Chapped lips are not caused by a sexually transmitted disease.
Chapped lips are characterized by cracking, fissuring, and peeling of the skin of the lips. In order to prevent chapped lips, avoid too much exposure to the sun, drink fluids and stay hydrated, use lip balm or lipstick when going outside in a dry cold weather, use a sunscreen lip balm when going outside in sunny weather, and moisten the air at home with a humidifier.
The cold sores caused by herpes are different from chapped lips. Cold sores are tingling or painful fluid-filled blisters on the edge of the lip where it meets the skin of the face.
More on Sexually Transmitted Diseases at TheBody.com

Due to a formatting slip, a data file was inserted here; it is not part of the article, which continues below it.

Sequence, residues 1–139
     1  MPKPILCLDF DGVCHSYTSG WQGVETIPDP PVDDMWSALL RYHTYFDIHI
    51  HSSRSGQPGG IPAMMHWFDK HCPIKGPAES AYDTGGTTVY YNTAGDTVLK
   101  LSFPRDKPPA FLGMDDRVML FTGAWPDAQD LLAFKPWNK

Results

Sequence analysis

To find out more about this topic, we recommend the following articles:
- What Do the Symptoms of Sexually Transmitted Diseases Look Like?
- Herpes Simplex (Cold Sores and Genital Herpes)
In addition, our Q&A experts sometimes address questions about chapped lips in our "Ask the Experts" forums. Here are some of those questions and our experts' responses:
- HIV through chapped lips
I think there may have been some of the waiter's blood on a hamburger I ate. My lips are very chapped. Am I at risk of HIV infection?
- oral sex with chapped lip
I gave a guy oral for a minute or two, and afterwards I noticed that my chapped bottom lip was bleeding. I'm worried that some of his pre-cum may have got into my lip.
- Angular Chelitis or Chapped lips?
I have recently been having problems with minor cracking at the corners of my mouth. Is this caused by a fungal infection? It goes away when I use a chap stick.